As we look back on the Great Depression, we are reminded of the profound impact this economic crisis had on society. This dark period in history, from 1929 to 1939, has taught us valuable lessons that policymakers like politicians and central bankers could apply to today’s economy. In this blog post, I will explore ten key takeaways from this tumultuous time, using my thoughts and opinions to provide a fresh look at these essential lessons as we face some new similar dynamics in the economy, interest rate policy, and changes in globalism in recent years.
Diversify the Economy: Relying Heavily on One Industry or Sector Can Have Disastrous Consequences
The 1920s saw a significant dependence on the stock market and manufacturing, which made the economy susceptible to shocks. Embracing economic diversity is crucial to prevent future catastrophes. We can ensure long-term stability and growth by promoting a diverse and well-balanced economic landscape.
In 2023, we have an economy centered on the stock market, as so many have money invested for retirement in their 401ks. This has led politicians and central banks to focus too much on keeping the stock market going higher instead of just letting the market work out supply and demand for shares based on earnings. Real estate prices have also been relied on too much for increasing net worths in the early 2000s and again after 2018. The U.S. economy has also become too centered on the tech sector, not industrial-based businesses. We need healthy businesses in all sectors and companies that make things for a healthy economy.
Prudent Lending Practices: Reckless Lending and Excessive Debt Contribute to Financial Collapse
Responsible lending practices and regulations are essential to prevent crises like the Great Depression. Both banks and individuals must exercise caution when it comes to borrowing and lending money, as excessive debt played a significant role in the financial collapse.
While there are similarities between the lending practices before the Great Depression and those in more recent times, it is essential to note that significant changes and regulations have been implemented to prevent similar crises. However, analyzing the similarities can provide valuable insights to help us understand potential risks and vulnerabilities in the financial system.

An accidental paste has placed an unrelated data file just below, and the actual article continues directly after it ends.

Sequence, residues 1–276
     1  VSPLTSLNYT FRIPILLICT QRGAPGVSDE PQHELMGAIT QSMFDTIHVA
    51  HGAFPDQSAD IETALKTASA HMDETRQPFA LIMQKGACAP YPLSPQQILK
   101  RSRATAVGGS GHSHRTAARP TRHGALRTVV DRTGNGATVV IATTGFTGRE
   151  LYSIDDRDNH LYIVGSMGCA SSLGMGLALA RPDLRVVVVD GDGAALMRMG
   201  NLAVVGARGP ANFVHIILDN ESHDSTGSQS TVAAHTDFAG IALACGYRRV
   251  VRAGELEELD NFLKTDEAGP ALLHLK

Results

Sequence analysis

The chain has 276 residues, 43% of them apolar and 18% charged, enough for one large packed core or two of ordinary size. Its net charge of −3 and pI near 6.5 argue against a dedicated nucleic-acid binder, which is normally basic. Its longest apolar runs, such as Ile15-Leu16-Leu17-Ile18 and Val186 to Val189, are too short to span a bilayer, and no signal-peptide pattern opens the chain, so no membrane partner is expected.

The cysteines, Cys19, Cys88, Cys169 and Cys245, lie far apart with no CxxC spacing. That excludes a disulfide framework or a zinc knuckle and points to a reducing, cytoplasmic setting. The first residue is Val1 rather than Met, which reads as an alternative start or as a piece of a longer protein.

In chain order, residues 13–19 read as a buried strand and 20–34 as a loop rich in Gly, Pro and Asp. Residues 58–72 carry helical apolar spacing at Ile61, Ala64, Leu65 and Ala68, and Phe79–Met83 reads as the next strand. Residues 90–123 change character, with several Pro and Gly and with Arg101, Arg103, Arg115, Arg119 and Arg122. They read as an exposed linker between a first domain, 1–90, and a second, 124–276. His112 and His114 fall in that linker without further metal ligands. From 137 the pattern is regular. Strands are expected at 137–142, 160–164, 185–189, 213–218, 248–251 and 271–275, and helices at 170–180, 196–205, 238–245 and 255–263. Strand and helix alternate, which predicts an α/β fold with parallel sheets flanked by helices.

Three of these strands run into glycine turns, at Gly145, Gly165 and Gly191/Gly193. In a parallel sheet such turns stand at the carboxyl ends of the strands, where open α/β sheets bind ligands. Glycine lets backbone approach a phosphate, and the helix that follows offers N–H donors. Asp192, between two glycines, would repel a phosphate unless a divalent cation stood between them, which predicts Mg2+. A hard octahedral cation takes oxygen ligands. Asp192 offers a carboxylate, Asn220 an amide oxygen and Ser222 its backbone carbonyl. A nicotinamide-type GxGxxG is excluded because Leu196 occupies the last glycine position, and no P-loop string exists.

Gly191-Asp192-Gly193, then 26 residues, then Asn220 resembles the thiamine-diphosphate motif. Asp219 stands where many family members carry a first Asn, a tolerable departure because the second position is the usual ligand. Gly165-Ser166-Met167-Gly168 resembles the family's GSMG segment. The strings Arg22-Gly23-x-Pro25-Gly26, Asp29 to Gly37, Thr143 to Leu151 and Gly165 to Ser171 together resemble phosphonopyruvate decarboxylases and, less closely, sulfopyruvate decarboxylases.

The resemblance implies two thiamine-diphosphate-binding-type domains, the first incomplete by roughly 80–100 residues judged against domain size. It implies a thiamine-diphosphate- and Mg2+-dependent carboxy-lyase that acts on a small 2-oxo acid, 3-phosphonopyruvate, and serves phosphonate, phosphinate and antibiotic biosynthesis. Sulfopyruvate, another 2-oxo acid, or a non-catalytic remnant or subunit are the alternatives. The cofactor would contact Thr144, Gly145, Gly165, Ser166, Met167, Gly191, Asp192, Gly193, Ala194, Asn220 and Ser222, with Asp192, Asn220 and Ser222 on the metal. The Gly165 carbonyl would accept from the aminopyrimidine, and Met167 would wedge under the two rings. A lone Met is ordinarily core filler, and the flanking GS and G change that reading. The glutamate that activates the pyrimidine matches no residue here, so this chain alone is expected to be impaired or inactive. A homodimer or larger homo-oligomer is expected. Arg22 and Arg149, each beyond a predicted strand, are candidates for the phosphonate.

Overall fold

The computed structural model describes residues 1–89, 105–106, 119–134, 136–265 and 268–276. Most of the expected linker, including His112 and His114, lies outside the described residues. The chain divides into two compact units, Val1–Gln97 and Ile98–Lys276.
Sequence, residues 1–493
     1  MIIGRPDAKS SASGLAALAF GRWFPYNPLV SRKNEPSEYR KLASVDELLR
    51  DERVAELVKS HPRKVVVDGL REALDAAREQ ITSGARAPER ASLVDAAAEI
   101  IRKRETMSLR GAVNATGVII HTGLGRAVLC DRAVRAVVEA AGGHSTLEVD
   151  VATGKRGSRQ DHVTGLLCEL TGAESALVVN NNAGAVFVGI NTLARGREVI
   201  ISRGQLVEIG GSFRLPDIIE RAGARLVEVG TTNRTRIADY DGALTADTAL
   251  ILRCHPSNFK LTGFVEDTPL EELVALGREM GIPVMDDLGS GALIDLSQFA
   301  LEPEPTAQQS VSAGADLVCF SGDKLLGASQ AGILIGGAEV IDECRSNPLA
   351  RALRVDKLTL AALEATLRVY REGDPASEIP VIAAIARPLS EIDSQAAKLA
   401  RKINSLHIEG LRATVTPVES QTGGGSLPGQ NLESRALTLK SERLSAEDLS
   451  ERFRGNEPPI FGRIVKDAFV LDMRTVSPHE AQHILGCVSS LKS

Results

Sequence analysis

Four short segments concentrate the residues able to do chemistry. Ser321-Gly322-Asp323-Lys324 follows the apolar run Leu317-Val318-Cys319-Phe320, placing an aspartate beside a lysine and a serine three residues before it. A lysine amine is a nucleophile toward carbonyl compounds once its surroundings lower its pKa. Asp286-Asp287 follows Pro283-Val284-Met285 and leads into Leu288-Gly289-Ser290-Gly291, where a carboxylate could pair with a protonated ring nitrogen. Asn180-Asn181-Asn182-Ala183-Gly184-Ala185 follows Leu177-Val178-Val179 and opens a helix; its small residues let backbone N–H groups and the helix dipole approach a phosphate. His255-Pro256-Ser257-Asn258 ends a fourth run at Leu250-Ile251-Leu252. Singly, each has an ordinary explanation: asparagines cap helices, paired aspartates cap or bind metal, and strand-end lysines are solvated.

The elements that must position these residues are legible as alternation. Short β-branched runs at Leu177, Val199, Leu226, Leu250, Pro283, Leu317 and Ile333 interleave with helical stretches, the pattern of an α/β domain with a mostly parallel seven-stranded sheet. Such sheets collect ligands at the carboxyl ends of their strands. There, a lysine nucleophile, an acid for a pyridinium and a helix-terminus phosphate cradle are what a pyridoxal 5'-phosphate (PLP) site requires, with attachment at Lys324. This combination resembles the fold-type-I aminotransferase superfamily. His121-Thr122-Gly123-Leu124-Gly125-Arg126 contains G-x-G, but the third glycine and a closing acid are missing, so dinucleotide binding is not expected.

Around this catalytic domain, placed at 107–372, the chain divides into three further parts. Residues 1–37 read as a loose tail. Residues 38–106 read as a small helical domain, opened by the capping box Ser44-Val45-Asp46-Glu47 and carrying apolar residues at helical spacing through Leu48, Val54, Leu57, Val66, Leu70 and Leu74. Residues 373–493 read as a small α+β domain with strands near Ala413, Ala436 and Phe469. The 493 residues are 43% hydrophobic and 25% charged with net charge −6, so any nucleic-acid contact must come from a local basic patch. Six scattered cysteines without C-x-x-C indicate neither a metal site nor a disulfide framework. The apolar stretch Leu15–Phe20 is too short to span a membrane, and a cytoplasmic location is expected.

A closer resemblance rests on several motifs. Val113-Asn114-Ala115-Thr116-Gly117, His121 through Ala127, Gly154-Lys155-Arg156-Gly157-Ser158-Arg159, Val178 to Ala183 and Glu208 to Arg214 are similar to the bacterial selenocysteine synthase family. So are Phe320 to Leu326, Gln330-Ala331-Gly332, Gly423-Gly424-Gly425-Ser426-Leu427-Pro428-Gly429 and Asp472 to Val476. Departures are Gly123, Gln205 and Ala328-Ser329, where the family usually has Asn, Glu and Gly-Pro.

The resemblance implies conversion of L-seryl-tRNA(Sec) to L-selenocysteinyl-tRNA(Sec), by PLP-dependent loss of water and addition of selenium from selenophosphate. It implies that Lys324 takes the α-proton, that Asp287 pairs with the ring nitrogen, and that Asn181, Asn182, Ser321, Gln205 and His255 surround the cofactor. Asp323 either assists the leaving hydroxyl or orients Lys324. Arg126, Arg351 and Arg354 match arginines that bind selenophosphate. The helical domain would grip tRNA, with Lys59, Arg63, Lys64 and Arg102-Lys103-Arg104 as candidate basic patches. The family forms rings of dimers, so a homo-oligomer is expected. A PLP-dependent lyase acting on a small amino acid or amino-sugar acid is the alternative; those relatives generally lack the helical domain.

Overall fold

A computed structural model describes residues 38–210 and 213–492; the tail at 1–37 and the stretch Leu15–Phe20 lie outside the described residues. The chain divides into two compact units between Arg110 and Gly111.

- Easy credit and lax lending standards: Before the Great Depression, banks were more lenient in lending practices, often providing loans without thorough assessments of borrowers’ ability to repay. This easy credit-fueled speculation and increased debt levels. We have recently seen similar trends in periods preceding financial crises, such as the subprime mortgage crisis of 2007-2008, where banks extended loans to high-risk borrowers with poor credit histories. In 2020, the markets flooded with money from central banks worldwide, adding trillions of dollars for speculation in stocks, crypto, and real estate.
- Overleveraging: Before the Great Depression, many individuals and businesses were overleveraged, meaning they had borrowed heavily to invest in assets like stocks and real estate. This overleveraging magnified the effects of market downturns, as borrowers struggled to meet their debt obligations when asset prices fell. In recent years, we have seen instances of overleveraging, particularly during 2020, with company hiring and government debt around the world increasing at historical highs versus the national GDP of many countries.
- Speculative bubbles: Lax lending practices before the Great Depression contributed to the formation of speculative bubbles in the stock market and other asset classes. When these bubbles burst, they led to significant losses and widespread financial turmoil. Similar patterns have been observed recently, with asset bubbles emerging in various sectors, such as the housing market in the early 2000s.